Why do Hollywood movies often portray pregnant women craving pickles and ice-cream in the middle of the night? Is there any truth to it, and why do women have pregnancy cravings in the first place? Does it mean we should eat the craved foods or avoid them, or does it mean we’re actually craving certain nutrients to meet the demands of growing a small human?
Here we answer all of those burning questions and more. We know you’re curious about it – that’s why you’re here, after all!
Pregnancy cravings – what do they mean?
When do they start? For most women, pregnancy craving usually start in the first trimester, sometimes as early as five weeks. From there they’ll peak in the second trimester, and usually disappear by the third.
Why do they develop? In a nutshell, no one really knows why, and there’s no known link between cravings and any nutrient deficiencies.
What about food aversions? Many women also develop sudden food aversions as well as cravings, both of which are thought to have something to do with hormones changing the way some foods taste and smell.
What are common food cravings? They include chocolate and other sweet foods, fruit, deep-fried food, and dairy products. Sometimes there’s also an urge to eat unusual food combinations, or foods that aren’t usually eaten (some vegetarians have even been known to start craving meat).
How about the non-food cravings? Have you heard of (or experienced yourself) pregnant women craving soap, chalk, or charcoal? This is a condition called ‘pica’ and this may in fact be due to a mineral deficiency or severe iron. If this sounds like you, it’s important to see your doctor immediately to get your nutrient levels checked.
Are food cravings universal?
Interestingly, pregnancy cravings as a concept is not necessarily experienced in all cultures, according to research. In some non-English countries, for women who do report cravings, it’s for very different foods to what might be expected in Australia (such as fast food). For example, pregnant women in Japan report craving rice.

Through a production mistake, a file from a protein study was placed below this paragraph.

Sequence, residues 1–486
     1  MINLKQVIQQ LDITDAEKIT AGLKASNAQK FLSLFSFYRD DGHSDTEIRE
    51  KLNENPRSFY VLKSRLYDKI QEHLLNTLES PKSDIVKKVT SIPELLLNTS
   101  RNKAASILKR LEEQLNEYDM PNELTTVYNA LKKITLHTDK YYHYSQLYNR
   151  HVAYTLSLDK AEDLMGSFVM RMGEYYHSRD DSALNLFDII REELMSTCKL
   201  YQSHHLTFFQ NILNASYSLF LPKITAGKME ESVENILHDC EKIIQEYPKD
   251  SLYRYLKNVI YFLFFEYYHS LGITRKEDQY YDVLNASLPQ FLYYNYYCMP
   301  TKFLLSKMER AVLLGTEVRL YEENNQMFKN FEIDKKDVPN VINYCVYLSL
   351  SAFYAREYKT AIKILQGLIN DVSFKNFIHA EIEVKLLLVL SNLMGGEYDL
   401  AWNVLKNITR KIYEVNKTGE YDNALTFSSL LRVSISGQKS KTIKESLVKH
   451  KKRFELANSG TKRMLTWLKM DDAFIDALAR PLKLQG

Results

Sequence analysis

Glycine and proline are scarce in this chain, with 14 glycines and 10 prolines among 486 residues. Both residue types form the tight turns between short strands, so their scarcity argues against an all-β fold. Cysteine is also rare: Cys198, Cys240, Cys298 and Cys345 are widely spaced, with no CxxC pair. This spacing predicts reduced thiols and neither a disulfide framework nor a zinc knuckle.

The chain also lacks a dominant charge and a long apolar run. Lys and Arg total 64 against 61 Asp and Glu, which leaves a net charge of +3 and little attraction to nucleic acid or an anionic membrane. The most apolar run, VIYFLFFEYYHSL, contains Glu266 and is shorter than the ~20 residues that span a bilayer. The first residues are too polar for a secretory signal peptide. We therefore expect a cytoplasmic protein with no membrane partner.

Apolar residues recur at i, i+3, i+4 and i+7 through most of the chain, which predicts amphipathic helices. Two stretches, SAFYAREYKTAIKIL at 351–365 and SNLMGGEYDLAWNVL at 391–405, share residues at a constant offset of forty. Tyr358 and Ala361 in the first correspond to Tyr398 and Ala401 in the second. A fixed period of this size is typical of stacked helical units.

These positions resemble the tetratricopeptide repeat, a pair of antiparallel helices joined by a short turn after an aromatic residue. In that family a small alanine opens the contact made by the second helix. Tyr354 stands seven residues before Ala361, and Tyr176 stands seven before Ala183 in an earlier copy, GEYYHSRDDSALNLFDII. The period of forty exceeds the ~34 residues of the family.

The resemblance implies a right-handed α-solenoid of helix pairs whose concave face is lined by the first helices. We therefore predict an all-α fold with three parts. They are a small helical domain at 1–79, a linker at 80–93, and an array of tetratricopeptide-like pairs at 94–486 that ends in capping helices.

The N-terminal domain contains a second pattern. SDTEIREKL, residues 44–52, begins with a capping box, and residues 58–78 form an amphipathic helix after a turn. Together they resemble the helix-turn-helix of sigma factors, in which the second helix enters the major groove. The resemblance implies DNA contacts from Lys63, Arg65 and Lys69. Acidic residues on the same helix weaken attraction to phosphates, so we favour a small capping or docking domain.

What this could mean is that pregnancy cravings are actually psychological and cultural. These certain foods bring pleasure during a physically and emotionally demanding time. A time where a woman probably feels quite restricted in what she eats and does, so a few ‘guilty’ pleasures are very appealing.
What to do about pregnancy cravings
- Try to stick to a varied, nutrient-rich pregnancy diet, while occasionally indulging in your food cravings. Sometimes certain foods that are craved can lead to more weight gain than is generally considered healthy during pregnancy.
- The key is to give into your cravings sometimes, but avoid bingeing on them. Use distractions or buy them only in small quantities. Also, look for good quality options.
- Don’t do the grocery shopping when you’re hungry, and stock the pantry with plenty of healthy snack alternatives for between meals.
- Eat regular meals to help prevent hunger, and drink lots of water.
- Try to get plenty of sleep or rest whenever you can, as sleep deprived people tend to give into their cravings more.
- Check out our list of pregnancy foods to include and avoid, and remember that there is no safe level of alcohol for your unborn baby, so not drinking it is the safest option during pregnancy.